The C program will have three functions:
int validate(char*)  filters the username string and returns the number of characters (without spaces)
long createkey(char*) creates the key using the filtered username string (with spaces)
 int main(void)  main function
We can build the validation function now:

int  validate(char* name)
{
    int i,j=0,v=0;

    for(i=0;i<strlen(name);i++)
    {
        name[i]=toupper(name[i]);
        name[j]=name[i];
        if(name[i]>='A'&&name[i]<='Z'||name[i]==' ')
        {
            if(name[i]!=' ') v++;
            j++;
        }
    }
    name[j]=0;

    return v;
}

The main function will read the name until it's valid and then display the key:

int main(int argc, char* argv[])
{
    long key;
    int  i;
    char name[100];

    cout << endl;
    cout << "============================" << endl;
    cout << "KeyMaker for PicaView32 1.21" << endl;
    cout << "----------------------------" << endl;
    cout << "Coded by +mISu, 05-29-1998  " << endl;
    cout << "============================" << endl;
    do
    {
        cout << "Name: ";
        gets(name);
        if(strlen(name)>30) name[30]=0;
    }
    while(validate(name)<5);
    key=createkey(name);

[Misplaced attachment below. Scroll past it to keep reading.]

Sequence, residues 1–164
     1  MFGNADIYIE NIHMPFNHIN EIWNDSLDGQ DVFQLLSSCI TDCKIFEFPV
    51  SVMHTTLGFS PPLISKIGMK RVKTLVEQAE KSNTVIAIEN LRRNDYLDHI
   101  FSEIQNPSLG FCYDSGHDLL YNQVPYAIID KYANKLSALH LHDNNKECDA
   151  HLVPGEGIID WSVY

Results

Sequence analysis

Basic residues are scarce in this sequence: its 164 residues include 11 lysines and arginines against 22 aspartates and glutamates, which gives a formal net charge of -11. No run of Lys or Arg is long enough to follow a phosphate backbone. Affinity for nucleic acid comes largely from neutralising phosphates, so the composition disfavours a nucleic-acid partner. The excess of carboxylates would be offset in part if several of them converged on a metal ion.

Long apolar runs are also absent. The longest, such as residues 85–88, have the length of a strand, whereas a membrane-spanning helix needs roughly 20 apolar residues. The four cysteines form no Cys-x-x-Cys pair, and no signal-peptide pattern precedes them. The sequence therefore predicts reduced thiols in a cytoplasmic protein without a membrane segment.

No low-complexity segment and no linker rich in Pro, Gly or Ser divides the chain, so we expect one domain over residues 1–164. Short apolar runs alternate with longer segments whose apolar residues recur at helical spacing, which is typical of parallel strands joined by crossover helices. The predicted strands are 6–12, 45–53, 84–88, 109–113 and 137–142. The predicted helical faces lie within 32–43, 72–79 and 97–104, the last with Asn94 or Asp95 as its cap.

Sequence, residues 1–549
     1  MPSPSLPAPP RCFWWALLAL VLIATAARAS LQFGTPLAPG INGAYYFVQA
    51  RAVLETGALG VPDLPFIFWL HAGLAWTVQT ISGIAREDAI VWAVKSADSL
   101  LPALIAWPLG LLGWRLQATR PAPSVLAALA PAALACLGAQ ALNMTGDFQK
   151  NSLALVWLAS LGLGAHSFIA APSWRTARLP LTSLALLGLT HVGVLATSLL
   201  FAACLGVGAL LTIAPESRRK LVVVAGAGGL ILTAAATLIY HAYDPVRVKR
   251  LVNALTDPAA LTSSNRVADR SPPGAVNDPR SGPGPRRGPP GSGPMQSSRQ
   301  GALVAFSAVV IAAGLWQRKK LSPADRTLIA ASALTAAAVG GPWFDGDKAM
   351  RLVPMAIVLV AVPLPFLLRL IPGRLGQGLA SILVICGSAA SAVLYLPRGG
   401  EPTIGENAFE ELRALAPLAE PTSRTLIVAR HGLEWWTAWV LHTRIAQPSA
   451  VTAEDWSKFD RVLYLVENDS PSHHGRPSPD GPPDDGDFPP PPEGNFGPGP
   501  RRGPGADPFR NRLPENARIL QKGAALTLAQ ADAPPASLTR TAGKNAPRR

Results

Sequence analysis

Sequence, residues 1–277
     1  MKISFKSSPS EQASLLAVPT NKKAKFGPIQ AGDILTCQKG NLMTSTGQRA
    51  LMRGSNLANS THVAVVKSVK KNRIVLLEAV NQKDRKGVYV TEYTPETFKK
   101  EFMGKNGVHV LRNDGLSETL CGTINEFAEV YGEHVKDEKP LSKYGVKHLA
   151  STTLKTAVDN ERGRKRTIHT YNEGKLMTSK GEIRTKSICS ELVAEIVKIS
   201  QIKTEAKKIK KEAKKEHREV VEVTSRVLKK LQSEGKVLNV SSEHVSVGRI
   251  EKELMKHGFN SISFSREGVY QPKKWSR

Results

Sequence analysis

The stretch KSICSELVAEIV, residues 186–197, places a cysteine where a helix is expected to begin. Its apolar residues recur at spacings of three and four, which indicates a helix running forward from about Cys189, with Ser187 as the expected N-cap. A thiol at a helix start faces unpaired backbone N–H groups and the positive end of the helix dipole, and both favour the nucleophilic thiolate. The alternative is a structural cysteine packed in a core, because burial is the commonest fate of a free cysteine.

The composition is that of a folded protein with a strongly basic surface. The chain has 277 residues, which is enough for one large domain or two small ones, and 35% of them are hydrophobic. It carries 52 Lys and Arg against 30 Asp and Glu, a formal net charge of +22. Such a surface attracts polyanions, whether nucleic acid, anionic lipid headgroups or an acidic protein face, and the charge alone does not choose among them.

cout << "Key:  " << key << endl;
    cout << "============================" << endl;

    return 0;
}

Okay, now let's get the first block of code from the encryption routine:

:10008BB0 81ECA8000000            sub esp, 000000A8
:10008BB6 53                      push ebx
:10008BB7 55                      push ebp
:10008BB8 8BAC24B4000000          mov ebp, dword ptr [esp+000000B4] ;username string address
:10008BBF 56                      push esi
:10008BC0 57                      push edi
:10008BC1 8BFD                    mov edi, ebp
:10008BC3 83C9FF                  or ecx, FFFFFFFF
:10008BC6 33C0                    xor eax, eax
:10008BC8 33F6                    xor esi, esi
:10008BCA F2                      repnz
:10008BCB AE                      scasb
:10008BCC F7D1                    not ecx
:10008BCE 49                      dec ecx      ;in ecx is now the username string length
:10008BCF 89742410                mov dword ptr [esp+10], esi
:10008BD3 6683F901                cmp cx, 0001
:10008BD7 0F82A0010000            jb 10008D7D
:10008BDD 6683F950                cmp cx, 0050
:10008BE1 0F8796010000            ja 10008D7D  ;verifies if it is between 1 and 80, if it isn't, exit
:10008BE7 39B424C0000000          cmp dword ptr [esp+000000C0], esi ;in esi is 0
:10008BEE 0F85C6000000            jne 10008CBA  ;in [esp+c0] is the encryption key

Comparing 0 with 0049222d it will always jump to 10008cba. Let's continue our reverse engineering to
1008cba:

:10008CBA 8BD9                    mov ebx, ecx ;in ebx is strlen(username)
:10008CBC 33FF                    xor edi, edi ;edi is the counter
:10008CBE 81E3FFFF0000            and ebx, 0000FFFF
:10008CC4 7E2D                    jle 10008CF3
:10008CC6 0FBE4C3500              movsx ecx, byte ptr [ebp+esi] ;gets char
:10008CCB 51                      push ecx
:10008CCC E8BF620400              call 1004EF90 ;uppercase eax
:10008CD1 0FAF8424C4000000        imul eax, dword ptr [esp+000000C4] ;multiplies with encryption key